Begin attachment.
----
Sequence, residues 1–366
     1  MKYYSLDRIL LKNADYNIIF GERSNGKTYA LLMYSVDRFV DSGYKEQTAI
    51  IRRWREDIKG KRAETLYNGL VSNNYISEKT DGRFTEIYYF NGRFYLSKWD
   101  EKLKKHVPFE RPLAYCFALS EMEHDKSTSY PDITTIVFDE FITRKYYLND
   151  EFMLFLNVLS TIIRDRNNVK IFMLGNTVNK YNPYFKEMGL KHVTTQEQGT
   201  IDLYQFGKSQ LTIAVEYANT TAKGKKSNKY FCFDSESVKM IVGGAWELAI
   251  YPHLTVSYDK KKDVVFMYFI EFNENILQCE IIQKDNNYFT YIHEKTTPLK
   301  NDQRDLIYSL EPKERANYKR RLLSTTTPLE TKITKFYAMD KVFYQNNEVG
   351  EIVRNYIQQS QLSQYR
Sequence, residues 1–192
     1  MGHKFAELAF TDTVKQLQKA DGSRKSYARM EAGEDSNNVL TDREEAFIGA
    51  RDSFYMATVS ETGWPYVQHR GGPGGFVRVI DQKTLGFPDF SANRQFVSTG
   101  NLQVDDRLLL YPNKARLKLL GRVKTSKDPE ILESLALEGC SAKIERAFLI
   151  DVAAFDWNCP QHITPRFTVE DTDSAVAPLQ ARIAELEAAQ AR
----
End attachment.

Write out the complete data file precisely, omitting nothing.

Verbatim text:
Sequence, residues 1–366
     1  MKYYSLDRIL LKNADYNIIF GERSNGKTYA LLMYSVDRFV DSGYKEQTAI
    51  IRRWREDIKG KRAETLYNGL VSNNYISEKT DGRFTEIYYF NGRFYLSKWD
   101  EKLKKHVPFE RPLAYCFALS EMEHDKSTSY PDITTIVFDE FITRKYYLND
   151  EFMLFLNVLS TIIRDRNNVK IFMLGNTVNK YNPYFKEMGL KHVTTQEQGT
   201  IDLYQFGKSQ LTIAVEYANT TAKGKKSNKY FCFDSESVKM IVGGAWELAI
   251  YPHLTVSYDK KKDVVFMYFI EFNENILQCE IIQKDNNYFT YIHEKTTPLK
   301  NDQRDLIYSL EPKERANYKR RLLSTTTPLE TKITKFYAMD KVFYQNNEVG
   351  EIVRNYIQQS QLSQYR
Sequence, residues 1–192
     1  MGHKFAELAF TDTVKQLQKA DGSRKSYARM EAGEDSNNVL TDREEAFIGA
    51  RDSFYMATVS ETGWPYVQHR GGPGGFVRVI DQKTLGFPDF SANRQFVSTG
   101  NLQVDDRLLL YPNKARLKLL GRVKTSKDPE ILESLALEGC SAKIERAFLI
   151  DVAAFDWNCP QHITPRFTVE DTDSAVAPLQ ARIAELEAAQ AR